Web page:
The IIHS has finalised its results of three crash tests of the same vehicle at different speeds.

What happens if you’re travelling 25km/h faster when you’re in a crash? In the difference performed by the Insurance Institute for Highway Safety (IIHS) in North America, there was nearly twice the crash energy at 90km/h compared to 65km/h.

For good measure, the IIHS performed a crash with the same vehicle at 80km/h, which showed even just a 15km/h increase can cause a significant difference.

The vehicle used for crash testing was a 2010 Honda CR-V, on account of its availability and that the average age of vehicles on the road in the US is around ten years old.

As a note, we’d suggest that the newer crash structure in an MY21 CR-V might hold up a better, though the IIHS also notes that the 2010 Honda CR-V is one of the best-performing cars in its year at the moderate-overlap crash test at 65km/h.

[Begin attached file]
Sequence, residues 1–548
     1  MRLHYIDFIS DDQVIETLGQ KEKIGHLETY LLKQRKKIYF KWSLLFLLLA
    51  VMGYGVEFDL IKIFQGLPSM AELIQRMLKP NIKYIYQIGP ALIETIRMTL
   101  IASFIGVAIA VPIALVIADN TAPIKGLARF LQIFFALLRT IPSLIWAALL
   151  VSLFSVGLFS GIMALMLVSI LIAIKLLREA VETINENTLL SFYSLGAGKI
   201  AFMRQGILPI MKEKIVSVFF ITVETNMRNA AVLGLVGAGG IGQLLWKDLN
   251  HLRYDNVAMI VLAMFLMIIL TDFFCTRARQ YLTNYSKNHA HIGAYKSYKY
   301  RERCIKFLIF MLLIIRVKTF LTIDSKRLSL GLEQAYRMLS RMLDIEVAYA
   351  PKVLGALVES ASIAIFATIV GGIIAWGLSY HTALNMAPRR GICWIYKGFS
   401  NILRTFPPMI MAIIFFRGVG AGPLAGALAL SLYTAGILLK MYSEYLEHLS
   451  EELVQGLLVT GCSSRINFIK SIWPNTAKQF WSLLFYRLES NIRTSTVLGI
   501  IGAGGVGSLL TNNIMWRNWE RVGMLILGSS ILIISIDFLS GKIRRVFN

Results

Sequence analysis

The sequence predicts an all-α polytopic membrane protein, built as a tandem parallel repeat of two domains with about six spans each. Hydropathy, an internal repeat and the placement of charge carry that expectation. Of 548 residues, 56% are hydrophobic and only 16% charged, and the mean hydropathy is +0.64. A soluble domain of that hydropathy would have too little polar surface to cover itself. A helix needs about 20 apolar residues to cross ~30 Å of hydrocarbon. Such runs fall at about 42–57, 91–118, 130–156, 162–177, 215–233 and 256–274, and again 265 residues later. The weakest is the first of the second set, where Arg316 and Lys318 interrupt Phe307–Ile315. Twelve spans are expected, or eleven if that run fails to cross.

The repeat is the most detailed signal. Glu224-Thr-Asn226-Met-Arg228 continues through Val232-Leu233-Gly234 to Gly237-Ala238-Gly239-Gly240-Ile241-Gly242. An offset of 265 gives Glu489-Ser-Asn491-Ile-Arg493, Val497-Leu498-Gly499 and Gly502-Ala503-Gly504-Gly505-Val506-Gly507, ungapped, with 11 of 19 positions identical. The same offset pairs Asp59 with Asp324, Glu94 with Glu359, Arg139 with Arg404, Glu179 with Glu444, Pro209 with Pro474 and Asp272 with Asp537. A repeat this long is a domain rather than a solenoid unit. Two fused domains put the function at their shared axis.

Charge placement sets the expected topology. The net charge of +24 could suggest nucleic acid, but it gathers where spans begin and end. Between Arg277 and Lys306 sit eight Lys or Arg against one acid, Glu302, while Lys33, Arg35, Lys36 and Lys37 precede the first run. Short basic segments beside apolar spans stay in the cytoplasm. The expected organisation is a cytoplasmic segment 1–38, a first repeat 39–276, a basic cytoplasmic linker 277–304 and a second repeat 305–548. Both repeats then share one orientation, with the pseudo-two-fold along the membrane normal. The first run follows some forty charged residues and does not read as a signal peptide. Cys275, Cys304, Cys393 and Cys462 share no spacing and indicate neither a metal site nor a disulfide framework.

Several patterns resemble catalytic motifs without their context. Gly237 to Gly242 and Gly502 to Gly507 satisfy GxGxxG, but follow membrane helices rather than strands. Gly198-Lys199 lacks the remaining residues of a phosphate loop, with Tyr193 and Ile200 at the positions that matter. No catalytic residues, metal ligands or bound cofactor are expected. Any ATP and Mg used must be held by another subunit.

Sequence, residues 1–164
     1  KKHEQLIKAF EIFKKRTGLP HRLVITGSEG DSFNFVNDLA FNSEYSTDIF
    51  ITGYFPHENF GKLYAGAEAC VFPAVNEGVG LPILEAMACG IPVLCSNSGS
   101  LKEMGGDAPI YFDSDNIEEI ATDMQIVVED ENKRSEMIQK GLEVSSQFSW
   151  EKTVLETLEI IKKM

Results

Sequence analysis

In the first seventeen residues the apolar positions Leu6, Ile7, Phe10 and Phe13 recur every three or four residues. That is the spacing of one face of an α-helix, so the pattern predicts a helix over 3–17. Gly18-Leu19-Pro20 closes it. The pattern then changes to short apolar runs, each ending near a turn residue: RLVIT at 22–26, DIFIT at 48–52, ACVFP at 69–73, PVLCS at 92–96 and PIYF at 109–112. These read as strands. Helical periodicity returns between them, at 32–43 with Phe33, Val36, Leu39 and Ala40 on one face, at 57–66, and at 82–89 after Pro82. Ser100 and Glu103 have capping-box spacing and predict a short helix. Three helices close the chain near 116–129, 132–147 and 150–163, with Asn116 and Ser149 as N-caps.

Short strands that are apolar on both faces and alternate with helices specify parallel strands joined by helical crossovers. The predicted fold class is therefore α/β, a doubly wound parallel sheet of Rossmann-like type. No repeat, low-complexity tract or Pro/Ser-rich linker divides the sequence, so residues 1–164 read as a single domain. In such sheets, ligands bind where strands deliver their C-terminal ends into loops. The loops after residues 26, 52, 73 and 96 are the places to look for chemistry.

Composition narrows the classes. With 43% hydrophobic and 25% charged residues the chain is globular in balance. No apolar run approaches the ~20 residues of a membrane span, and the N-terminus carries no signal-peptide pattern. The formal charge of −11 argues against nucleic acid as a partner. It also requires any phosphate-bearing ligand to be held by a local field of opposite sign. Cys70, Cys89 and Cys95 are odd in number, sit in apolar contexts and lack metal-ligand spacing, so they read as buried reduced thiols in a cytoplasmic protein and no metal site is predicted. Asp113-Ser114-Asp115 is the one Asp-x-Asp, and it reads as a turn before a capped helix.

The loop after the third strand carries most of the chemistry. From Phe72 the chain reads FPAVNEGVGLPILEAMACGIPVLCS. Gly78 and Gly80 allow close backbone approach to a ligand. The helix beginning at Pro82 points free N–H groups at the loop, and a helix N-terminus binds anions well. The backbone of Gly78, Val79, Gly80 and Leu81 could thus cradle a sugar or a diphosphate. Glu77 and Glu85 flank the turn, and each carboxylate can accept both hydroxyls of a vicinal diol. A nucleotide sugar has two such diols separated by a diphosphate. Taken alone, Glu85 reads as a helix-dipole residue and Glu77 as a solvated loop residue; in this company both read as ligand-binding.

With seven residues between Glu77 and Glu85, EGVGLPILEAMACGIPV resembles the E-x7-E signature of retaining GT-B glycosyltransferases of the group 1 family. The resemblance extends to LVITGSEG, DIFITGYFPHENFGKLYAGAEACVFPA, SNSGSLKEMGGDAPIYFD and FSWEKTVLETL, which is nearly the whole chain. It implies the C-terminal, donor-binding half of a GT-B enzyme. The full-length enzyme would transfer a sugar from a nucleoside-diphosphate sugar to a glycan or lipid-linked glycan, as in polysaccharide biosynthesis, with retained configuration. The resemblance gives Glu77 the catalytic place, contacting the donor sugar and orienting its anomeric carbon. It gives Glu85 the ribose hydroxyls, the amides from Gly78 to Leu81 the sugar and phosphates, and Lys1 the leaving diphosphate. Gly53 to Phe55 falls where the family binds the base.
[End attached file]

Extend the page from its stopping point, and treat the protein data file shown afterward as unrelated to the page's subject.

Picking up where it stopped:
When the Honda hit the wall at 65km/h, there was a minimal intrusion in the cabin and the dummy comes off relatively unscathed. An increase in speed, however, and the potential for severe injury or a fatality increases dramatically.


At 80km/h, just 15km/h faster, the vehicle’s structure comes under far greater stress and begins to deform and endanger the driver.

“There was noticeable deformation of the driver side door opening, dashboard and foot area,” says the IIHS. “The steering wheel’s upward movement caused the dummy’s head to go through the deployed airbag. This caused the face to smash into the steering wheel.”


And then at 90km/h, things are worse, with almost 100 per cent more crash energy at the point of impact. The IIHS said that the driver could suffer severe neck injuries and that the car was significantly compromised.


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Alex Rae

Alex Rae brings almost two decades’ experience, previously working at publications including Wheels, WhichCar, Drive/Fairfax,, AMC, Just Cars, and more.

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